Entertainment & Arts

Film poster artists revive a dying craft

Poster for Hobo With A Shotgun
Image caption The head belongs to Blade Runner star Hauer, the body is Hodge's own

There is little doubt that the B-movie exploitation storyline and graphic violence implied by a film title like Hobo With A Shotgun will leave most moviegoers cold. However, there is no denying the artist's skill that has gone into the film's poster art.

And for the most part, the film blogging community agrees, simply describing the work with an oddly appropriate "badass".

A snarling Rutger Hauer dramatically wields the large titular shotgun while elsewhere a man holds a woman hostage, a crowd riots and two other figures emerge from the flames dressed in futuristic-looking protective suits.

Out in cinemas this week, the film grew from a spoof trailer used in Quentin Tarantino's double feature Grindhouse.

Tom Hodge, aka The Dude Designs, is the British artist behind the poster. He is trying to revive what is becoming viewed by those within the industry as a dying art.

"I am a massively frustrated film-maker, so this allowed me to bridge that gap - if I can't do it in film than I'll do it in design and illustration," he says.

Following in the footsteps of classic poster artists like Richard Amsel and Drew Struzan - the men behind such iconic posters as the Indiana Jones series, The Goonies and Back to the Future - Hodge is one of a handful of British artists working within the same medium.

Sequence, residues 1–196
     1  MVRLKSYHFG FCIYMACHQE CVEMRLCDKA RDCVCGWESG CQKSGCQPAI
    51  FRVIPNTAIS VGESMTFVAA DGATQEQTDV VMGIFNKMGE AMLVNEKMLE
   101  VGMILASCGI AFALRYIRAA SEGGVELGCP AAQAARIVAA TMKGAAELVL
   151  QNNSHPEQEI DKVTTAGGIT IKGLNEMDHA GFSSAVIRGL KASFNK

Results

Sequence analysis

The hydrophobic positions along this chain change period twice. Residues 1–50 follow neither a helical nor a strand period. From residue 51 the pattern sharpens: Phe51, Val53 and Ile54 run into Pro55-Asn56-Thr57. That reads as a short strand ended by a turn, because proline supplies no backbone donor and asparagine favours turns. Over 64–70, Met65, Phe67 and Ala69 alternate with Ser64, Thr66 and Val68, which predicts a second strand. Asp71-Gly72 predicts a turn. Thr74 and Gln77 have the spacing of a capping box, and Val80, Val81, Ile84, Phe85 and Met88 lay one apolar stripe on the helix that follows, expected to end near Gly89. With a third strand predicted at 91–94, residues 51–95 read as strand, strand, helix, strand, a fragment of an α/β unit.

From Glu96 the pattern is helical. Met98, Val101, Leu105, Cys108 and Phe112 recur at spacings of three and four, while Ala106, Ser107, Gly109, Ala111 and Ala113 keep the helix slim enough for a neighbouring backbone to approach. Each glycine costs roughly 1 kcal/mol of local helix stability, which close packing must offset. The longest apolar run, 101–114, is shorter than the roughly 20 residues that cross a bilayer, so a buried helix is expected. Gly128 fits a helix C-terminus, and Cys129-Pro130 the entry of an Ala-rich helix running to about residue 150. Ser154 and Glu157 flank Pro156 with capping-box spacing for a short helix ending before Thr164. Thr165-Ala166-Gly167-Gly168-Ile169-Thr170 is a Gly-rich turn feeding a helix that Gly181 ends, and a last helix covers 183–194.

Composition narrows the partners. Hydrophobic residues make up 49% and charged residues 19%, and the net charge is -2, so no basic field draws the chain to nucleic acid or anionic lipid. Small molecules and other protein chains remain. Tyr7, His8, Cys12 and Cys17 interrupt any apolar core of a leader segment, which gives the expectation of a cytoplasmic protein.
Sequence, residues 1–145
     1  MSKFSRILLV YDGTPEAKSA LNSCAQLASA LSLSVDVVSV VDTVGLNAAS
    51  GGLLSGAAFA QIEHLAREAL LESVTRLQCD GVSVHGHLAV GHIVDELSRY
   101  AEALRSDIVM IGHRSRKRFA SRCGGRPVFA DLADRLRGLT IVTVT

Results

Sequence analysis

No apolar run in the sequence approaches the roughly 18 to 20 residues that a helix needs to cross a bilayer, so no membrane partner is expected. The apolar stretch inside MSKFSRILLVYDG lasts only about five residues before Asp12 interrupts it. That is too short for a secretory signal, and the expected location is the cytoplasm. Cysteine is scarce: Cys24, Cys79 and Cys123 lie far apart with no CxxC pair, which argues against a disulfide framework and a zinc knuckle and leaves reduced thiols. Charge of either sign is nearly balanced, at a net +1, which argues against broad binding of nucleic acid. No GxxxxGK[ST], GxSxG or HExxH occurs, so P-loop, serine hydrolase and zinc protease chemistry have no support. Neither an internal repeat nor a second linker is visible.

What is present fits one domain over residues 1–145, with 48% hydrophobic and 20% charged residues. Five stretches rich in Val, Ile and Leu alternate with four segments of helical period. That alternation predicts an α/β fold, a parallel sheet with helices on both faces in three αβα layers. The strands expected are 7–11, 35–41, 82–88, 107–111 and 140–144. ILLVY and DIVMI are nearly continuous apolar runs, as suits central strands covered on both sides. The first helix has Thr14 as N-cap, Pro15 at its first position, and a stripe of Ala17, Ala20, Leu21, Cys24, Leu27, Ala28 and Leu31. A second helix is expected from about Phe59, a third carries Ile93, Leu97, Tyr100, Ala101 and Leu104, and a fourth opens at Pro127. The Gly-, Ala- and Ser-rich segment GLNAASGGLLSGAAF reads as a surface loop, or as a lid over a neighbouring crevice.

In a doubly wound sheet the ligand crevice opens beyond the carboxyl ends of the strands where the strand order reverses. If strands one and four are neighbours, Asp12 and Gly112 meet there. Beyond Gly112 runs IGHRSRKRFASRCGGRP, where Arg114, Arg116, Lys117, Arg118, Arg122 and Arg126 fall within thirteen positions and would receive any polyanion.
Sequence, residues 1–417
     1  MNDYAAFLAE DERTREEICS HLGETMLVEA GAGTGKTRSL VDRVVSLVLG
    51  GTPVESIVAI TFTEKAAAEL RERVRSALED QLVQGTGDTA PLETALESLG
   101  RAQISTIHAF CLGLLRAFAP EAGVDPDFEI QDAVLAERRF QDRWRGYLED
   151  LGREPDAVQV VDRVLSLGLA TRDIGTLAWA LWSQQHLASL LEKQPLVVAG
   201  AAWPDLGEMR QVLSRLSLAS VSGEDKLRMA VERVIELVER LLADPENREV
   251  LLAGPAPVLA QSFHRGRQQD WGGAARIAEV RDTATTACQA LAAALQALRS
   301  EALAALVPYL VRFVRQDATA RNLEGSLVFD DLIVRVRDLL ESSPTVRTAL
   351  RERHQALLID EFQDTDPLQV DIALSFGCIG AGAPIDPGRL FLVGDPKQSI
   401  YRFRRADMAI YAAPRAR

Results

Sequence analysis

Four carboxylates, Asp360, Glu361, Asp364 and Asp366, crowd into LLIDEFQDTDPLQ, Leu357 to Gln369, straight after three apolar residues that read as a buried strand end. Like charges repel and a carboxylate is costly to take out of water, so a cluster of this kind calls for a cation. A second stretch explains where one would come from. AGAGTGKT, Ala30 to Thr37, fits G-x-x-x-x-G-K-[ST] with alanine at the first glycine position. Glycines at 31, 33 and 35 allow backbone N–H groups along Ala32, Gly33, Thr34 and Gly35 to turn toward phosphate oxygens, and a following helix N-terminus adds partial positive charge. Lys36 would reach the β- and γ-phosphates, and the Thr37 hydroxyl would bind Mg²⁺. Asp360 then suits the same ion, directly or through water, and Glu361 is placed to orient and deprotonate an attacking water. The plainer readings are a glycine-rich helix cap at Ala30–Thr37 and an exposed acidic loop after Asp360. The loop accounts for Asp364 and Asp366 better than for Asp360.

Digital art

Image caption Richard Amsel's movie posters have become iconic images

Posters were hand-painted by those artists during the heyday of the 70s and 80s, but the techniques have moved with the times.

"I do everything digitally, so it was a big learning curve to start drawing on the computer. Halfway through, I was still using a mouse and then I got into using tablets which use a pen. I was like, 'Why didn't I do this sooner?'

"It keeps costs down because if I was to paint on canvas, there's the paint, you have to photograph it, you might have to make changes and the costs mount up."

"It's illustration but using modern technology," says British poster designer Graham Humphreys.

"It's interesting how you can actually make something which has in theory killed off the illustrated poster and yet somehow is now responsible for bringing it back."

Since graduating from Salisbury College of Art in 1980, Humphreys has gone on to create some of horror cinema's most enduring images.

Idealised version

The clawed hand of Freddie Krueger reaching over the sleeping face of a young girl in the poster for Nightmare on Elm Street? That was Humphreys - as was the original poster for Spider-Man director Sam Raimi's debut movie The Evil Dead.

Whilst major studios seem to be using fewer illustrated posters, in favour of cheaper-looking Photoshop-produced montages of the film's stars - horror studios have persevered with the medium.

Image caption Humphreys' poster helped launch Freddie Kruegar into the public consciousness

Humphreys adds: "It disguises the limitations of the film and its budget. It offers an idealised version of the film."